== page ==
What all of these expressions of Mexican-American — or American-Mexican — barbecue have in common is that they seem to have developed organically out of the various ways that local Mexican food communities came into contact with American barbecue and adapted it to suit their needs. And ultimately, that’s the crux of Stewart’s story, too. There’s his marriage, of course, and his East Oakland upbringing. But maybe the most moving thing about MexiQ is the way that Stewart navigates that kind of cross-cultural dialogue on a daily basis.
“He’s a translator,” says Caleb Zigas, executive director of La Cocina, the immigrant- and POC-focused kitchen incubator program, which accepted Stewart’s application to join shortly before the start of the pandemic. “It’s dope. It’s the dream of a kitchen like La Cocina. People come in and get inspired by it and make new things.”
Stewart says that for many of his customers, his pop-up was their first encounter with Mexican-inspired barbecue — and, whether Black or Mexican themselves, they didn’t always know what to make of the concept. “In the beginning it was tough,” Venegas says. “People were reluctant to try food from a Black taquero.”
These days, though, Stewart says his customers cover the whole spectrum: Black, white, Asian, and Latino. People from his neighborhood, people from the suburbs, foreign tourists who found MexiQ on Yelp. And so, at his driveway pop-ups, Stewart becomes the intermediary for that experience. Black customers who come for the first time are usually expecting straight barbecue, he explains — some have never tried a tostada or a mole. Often, Stewart says, he’ll have Black customers who ask about the “jamaica” agua fresca he serves, pronouncing it like the name of the country. His response: “This is Mexican Kool Aid right here.”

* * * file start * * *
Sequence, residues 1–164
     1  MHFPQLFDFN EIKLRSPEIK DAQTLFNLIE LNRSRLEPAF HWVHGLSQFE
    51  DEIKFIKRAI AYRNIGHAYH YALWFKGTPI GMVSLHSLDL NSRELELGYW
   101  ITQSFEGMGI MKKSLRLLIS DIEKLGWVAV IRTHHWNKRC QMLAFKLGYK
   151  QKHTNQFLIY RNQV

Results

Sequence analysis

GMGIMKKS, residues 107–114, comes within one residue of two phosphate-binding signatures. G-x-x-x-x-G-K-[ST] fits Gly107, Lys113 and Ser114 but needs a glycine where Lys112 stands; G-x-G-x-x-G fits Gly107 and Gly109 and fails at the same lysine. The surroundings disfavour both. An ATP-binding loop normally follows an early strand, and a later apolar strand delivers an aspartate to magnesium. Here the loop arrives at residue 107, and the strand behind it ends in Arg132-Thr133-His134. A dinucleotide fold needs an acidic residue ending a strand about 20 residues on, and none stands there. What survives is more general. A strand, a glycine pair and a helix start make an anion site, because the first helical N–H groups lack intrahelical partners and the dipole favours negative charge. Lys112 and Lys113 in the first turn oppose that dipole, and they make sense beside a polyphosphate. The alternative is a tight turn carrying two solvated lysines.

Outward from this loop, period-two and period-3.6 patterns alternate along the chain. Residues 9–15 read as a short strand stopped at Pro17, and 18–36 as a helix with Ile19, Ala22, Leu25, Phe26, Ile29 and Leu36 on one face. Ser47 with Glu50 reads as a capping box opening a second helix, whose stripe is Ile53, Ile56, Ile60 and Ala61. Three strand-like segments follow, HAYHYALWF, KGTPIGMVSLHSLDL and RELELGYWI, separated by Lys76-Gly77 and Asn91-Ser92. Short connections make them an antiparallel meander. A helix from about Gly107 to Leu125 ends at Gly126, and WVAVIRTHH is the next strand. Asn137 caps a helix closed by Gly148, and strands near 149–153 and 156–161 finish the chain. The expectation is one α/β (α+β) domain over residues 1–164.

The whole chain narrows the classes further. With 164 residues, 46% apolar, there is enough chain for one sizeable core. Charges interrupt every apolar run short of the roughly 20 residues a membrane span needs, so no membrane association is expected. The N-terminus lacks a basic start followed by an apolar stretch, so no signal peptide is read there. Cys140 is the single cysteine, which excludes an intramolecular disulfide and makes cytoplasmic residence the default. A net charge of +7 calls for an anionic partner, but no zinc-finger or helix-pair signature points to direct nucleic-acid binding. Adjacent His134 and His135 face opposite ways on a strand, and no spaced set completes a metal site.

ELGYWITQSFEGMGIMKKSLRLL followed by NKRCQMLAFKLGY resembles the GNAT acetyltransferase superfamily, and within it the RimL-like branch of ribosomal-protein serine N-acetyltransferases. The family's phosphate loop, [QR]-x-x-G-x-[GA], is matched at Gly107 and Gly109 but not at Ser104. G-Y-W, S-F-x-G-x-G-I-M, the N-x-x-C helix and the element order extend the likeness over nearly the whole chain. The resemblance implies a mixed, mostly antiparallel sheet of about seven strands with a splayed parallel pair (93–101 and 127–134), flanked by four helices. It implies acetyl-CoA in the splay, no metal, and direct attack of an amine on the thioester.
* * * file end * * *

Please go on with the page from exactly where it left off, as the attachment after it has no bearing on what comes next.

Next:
Eventually, he gained a loyal following. Now, he says, he’ll have Black customers who would only ever order barbecue by the pound come back, and “want a tostada; they want that salsa I made last week.” Still, Stewart says, some of his favorite moments are the ones when he feels like he’s made a connection with older Mexican customers who order in Spanish and perhaps come expecting more traditional Mexican food. These are the customers who pepper Stewart with questions after they try his food: “How do you make your tostadas? How do you cook your beans? Who taught you to make mole?” Nothing is more gratifying, Stewart says, than when one of those customers tries his rice and gives their nod of approval.
“To have them say this is good — that’s the best thing I can get,” Stewart says.